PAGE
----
Constructive discharge – also referred to as constructive termination, is essentially a claim of wrongful termination. A wrongful constructive dismissal occurs when, instead of firing an employee, the employer makes working conditions so intolerable that the employee is forced to resign.
Odd that the word “constructive” is used in the phrase – isn’t it?
In some cases, members of a class protected by civil rights laws may believe that they have no choice but to resign because, due to their protected status, whether that is race, sex, national origin, religion, age, disability or some other characteristic, their employer has made work conditions intolerable.
In these cases, an employee has the right to file a civil rights lawsuit against the employer. But there is a catch. The employee seeking relief must initiate contact with an Equal Employment Opportunity Commission (EEOC) counselor within a clearly defined period of time. Failure to do so nullifies the claim.
So what’s that timeframe?
Title VII of the Civil Rights Act of 1964 regulations state that an aggrieved federal civil employee “must initiate contact with a EEOC counselor within 45 days of [the] date of the matter alleged to be discriminatory.”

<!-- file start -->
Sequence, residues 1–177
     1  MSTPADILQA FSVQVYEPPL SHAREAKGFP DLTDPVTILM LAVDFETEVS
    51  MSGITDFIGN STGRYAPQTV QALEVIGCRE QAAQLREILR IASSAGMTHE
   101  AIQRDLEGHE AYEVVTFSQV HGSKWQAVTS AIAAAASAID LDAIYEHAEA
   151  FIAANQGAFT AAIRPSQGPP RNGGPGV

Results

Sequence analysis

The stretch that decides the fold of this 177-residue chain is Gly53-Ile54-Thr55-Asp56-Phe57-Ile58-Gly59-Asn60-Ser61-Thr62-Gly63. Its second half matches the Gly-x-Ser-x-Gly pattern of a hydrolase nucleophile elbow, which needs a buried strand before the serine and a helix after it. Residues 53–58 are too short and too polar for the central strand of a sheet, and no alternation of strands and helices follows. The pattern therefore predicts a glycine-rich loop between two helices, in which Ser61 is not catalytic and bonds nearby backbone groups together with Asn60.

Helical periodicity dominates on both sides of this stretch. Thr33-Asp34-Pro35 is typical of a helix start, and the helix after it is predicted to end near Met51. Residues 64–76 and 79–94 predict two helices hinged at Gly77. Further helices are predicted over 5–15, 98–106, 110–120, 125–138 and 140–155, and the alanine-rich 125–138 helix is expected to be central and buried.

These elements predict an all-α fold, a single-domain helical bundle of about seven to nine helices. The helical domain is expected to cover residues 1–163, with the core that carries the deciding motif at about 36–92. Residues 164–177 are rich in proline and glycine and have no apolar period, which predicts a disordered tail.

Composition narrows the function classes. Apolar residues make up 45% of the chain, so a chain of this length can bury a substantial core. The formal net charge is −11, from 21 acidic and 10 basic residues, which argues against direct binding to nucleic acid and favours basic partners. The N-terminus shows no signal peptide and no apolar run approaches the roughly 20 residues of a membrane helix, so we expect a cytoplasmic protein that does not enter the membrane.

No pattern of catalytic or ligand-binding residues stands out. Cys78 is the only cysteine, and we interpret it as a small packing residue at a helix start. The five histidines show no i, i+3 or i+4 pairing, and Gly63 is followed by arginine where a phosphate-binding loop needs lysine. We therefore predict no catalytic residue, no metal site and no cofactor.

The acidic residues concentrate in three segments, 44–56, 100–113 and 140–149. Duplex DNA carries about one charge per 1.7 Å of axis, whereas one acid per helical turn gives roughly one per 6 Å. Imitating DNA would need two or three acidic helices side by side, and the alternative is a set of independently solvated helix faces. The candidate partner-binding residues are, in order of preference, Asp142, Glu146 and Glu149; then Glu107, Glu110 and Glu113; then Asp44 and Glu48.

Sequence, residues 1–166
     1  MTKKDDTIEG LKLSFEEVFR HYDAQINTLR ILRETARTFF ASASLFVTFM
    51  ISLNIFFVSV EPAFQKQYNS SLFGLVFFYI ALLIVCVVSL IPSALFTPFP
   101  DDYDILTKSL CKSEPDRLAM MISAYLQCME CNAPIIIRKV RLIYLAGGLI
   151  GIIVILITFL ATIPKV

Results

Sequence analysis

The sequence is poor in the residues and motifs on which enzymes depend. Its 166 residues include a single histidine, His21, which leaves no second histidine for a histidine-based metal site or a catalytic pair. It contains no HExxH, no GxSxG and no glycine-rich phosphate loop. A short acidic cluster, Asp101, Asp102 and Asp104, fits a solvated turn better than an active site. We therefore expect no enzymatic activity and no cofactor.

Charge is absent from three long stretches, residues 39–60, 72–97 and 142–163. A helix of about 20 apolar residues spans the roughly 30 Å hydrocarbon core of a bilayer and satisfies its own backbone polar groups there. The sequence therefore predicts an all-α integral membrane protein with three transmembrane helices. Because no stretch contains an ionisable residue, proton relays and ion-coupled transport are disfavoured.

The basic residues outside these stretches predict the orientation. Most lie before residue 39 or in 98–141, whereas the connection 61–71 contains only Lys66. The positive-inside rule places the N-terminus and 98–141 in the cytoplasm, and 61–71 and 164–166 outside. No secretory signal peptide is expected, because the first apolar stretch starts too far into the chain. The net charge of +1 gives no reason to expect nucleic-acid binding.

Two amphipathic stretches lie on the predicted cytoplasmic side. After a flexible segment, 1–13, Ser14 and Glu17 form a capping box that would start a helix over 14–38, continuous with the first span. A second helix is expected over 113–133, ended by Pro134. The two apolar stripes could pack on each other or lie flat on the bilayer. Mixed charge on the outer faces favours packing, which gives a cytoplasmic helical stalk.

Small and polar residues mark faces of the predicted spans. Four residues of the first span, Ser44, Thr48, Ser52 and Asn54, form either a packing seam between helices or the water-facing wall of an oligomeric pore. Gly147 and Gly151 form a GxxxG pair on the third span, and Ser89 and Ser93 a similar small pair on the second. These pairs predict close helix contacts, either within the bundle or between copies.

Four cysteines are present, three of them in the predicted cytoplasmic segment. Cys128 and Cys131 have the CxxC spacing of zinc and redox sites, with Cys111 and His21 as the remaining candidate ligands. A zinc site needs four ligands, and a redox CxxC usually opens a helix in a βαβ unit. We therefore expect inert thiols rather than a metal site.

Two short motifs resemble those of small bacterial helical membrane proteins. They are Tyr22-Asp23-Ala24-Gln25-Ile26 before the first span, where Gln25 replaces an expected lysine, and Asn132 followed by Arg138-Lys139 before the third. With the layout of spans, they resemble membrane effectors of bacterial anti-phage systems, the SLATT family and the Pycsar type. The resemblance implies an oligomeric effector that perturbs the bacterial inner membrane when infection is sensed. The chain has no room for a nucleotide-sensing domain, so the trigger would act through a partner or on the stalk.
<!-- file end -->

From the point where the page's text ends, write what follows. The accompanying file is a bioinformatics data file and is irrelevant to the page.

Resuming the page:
The U.S. Supreme Court recently heard a case on this matter brought by a former Postal Service employee who believed he had been unjustly forced to resign after complaining about being passed over for a promotion. In this instance, he had initiated contact with the EEOC 41 days after submitting his resignation paperwork to the Postal Service, but 96 days after signing the settlement agreement.
The Postal Service claimed the employee had failed to meet the notification requirements of the law. Two lower courts sided with the Postal Service but the Supreme Court reversed those decisions, noting that a constructive discharge claim accrues only after an employee resigns.
It is important to note that employees in the private sector have more time to file a charge with the EEOC—180 days—and 300 days to file a charge with a state agency. But the rationale of the Supreme Court’s decision would also apply to the private sector.
If you’re an employer and have questions about EEOC rules and regulations, consider calling on the attorneys at Kainen, Escalera & McHale in Connecticut. We do one thing and one thing only – we are an employer defense law firm – in fact, we are one of the largest employer defense law firms in the region. What’s more, each of our attorneys have over 20 years of experience in employment law and labor law matters and can provide your business with comprehensive legal counsel ranging from assistance with necessary preventive measures to trial advocacy. Please call us if we can help you.
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